Adjudicating Rights: A Series of Judicial Conversations

The Bonavero Institute seeks to foster robust and open discussion about some of the most important questions for constitutional and human rights lawyers in jurisdictions all over the world. We facilitate conversations between scholars engaged in human rights research and practitioners engaged in litigating and adjudicating rights.

The Adjudicating Rights conversation series invites judges to reflect upon the role of the judiciary in protecting and promoting rights in their jurisdictions. The role that the judiciary plays in any particular democracy is determined in large part by the constitutional text, conventions and practice of that jurisdiction, as well as its history and political and legal culture. This series explores the legal and political factors that determine the role of the judiciary, the relationship between the judiciary and other institutions, and the concept of judicial independence, among other issues.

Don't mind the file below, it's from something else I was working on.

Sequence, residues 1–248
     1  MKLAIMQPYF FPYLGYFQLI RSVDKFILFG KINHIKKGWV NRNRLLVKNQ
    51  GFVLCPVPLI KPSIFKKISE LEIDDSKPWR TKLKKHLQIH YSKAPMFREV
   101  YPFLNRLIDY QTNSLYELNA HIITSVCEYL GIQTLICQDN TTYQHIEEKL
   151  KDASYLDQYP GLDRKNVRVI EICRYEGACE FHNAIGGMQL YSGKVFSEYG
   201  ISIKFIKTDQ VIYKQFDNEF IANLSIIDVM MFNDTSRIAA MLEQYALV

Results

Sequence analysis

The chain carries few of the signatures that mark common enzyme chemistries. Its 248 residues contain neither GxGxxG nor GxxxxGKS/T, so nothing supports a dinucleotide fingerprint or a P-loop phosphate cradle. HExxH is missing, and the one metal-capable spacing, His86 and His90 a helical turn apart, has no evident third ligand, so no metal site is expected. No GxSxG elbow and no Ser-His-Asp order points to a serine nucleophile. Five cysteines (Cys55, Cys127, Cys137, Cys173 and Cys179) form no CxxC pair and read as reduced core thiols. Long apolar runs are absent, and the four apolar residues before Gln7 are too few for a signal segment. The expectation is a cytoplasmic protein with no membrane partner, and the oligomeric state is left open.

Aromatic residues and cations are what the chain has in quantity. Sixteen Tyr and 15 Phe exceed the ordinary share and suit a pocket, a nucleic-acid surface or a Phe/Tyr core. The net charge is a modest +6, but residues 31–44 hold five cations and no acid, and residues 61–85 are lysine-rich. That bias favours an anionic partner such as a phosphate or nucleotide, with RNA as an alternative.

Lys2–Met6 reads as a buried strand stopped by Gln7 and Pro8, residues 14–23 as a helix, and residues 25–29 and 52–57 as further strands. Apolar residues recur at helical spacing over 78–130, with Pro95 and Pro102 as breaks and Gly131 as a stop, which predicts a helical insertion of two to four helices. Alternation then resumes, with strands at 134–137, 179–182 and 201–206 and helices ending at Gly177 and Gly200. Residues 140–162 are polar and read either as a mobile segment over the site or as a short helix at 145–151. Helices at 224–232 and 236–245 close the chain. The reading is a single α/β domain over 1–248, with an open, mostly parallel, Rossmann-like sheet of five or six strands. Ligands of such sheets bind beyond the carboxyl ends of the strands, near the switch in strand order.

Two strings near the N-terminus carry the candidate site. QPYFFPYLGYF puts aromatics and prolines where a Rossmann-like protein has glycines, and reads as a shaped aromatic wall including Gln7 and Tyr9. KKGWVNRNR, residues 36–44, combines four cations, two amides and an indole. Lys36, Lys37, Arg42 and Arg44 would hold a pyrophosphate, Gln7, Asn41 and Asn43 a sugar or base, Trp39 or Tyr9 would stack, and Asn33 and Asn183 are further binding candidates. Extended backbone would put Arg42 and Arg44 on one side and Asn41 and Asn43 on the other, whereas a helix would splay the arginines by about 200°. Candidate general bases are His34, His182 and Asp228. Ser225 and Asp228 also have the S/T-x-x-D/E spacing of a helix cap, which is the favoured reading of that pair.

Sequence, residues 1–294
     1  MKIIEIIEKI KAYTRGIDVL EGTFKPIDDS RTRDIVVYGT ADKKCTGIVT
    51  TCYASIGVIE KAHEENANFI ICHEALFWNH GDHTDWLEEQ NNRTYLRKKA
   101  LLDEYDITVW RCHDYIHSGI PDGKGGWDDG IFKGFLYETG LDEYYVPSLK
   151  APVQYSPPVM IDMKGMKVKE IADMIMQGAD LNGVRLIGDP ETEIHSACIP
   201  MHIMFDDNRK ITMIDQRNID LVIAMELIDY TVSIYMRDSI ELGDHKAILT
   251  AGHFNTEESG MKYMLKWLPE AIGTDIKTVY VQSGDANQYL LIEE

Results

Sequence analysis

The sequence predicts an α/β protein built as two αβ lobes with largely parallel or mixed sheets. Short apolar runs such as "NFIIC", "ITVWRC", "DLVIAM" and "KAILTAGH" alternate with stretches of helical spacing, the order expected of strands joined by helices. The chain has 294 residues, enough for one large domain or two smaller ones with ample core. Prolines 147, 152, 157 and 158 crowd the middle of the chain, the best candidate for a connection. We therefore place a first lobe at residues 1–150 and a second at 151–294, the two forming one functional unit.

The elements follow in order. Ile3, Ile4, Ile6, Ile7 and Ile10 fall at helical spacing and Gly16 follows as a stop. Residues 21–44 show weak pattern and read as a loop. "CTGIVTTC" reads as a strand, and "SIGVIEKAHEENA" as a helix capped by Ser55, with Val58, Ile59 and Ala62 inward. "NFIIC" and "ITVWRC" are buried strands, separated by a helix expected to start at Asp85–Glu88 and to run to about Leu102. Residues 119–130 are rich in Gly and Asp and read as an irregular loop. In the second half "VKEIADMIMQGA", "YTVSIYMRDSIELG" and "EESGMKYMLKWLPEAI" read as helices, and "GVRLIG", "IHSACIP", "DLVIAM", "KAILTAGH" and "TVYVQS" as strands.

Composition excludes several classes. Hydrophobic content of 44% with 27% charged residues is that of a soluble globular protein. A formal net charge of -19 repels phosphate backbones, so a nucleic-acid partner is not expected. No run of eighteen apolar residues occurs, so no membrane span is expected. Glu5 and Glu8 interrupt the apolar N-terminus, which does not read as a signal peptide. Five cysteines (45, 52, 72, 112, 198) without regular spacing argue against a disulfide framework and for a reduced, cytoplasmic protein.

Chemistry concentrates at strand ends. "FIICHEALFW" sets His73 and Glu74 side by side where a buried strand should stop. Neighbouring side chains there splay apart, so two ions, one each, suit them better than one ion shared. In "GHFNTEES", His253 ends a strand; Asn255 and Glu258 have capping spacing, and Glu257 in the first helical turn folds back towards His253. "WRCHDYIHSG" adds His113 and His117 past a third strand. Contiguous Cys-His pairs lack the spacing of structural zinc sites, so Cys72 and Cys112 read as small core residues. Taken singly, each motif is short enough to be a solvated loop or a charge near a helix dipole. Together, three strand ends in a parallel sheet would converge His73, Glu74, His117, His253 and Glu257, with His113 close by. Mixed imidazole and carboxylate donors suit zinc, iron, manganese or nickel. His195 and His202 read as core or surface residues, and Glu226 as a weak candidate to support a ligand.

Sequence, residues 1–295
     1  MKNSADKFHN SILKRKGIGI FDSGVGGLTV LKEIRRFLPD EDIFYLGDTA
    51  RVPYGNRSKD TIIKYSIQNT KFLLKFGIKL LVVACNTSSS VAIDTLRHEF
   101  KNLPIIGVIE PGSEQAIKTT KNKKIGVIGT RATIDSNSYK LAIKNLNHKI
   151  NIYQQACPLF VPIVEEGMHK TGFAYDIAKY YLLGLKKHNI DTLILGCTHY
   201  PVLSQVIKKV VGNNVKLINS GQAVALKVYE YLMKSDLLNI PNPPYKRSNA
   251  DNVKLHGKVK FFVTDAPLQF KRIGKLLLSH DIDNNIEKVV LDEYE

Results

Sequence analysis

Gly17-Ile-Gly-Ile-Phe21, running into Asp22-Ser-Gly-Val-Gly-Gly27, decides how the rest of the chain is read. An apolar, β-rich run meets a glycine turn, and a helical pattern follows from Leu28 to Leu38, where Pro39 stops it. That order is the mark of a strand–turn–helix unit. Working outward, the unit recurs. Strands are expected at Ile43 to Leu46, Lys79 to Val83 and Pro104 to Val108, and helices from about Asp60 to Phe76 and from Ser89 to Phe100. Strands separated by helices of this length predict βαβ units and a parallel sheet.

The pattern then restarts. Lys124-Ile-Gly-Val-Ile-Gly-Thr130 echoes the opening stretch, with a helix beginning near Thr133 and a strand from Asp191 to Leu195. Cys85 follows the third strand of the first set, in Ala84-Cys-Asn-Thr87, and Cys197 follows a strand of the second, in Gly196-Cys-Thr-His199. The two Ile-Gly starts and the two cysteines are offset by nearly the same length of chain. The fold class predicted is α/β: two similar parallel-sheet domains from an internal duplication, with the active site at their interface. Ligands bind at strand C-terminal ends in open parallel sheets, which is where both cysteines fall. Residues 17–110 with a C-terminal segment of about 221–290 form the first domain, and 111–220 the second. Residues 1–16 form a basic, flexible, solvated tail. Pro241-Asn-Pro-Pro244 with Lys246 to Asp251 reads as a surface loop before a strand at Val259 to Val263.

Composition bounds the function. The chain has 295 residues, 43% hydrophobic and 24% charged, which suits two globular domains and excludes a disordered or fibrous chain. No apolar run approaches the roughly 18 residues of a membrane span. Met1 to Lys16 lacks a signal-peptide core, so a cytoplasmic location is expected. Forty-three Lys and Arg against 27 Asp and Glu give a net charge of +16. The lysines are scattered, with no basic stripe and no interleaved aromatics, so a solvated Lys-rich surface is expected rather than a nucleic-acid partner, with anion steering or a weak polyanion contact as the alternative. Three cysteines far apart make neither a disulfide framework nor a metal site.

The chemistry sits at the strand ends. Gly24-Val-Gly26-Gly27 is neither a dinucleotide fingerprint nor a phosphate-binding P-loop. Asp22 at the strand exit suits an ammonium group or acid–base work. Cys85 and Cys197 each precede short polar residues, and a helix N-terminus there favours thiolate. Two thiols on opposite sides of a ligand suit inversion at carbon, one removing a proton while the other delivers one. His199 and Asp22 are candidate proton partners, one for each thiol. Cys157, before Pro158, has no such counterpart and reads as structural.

Past speakers have served on a range of national and supranational courts, including the European Court of Human Rights, the Constitutional Court of Colombia, the Constitutional Court of South Africa, the International Court of Justice, and the International Criminal Tribunal for the former Yugoslavia.

The series runs in tandem with the Litigating Rights conversation series in which experienced human rights litigators from around the world explore the role and value of litigation in the promotion and protection of human rights. 

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Judge Pinto de Albuquerque in conversation with Aileen Kavanagh and Jeff King

Dame Sian Elias in conversation with Max Harris and David Williams

Manuel Cepeda in conversation with Octavio Ferraz and Sandra Fredman

Justice Dikgang Moseneke in conversation with Tarunabh Khaitan and Miles Jackson

Judge Joan Donoghue in conversation with Judge Theodor Meron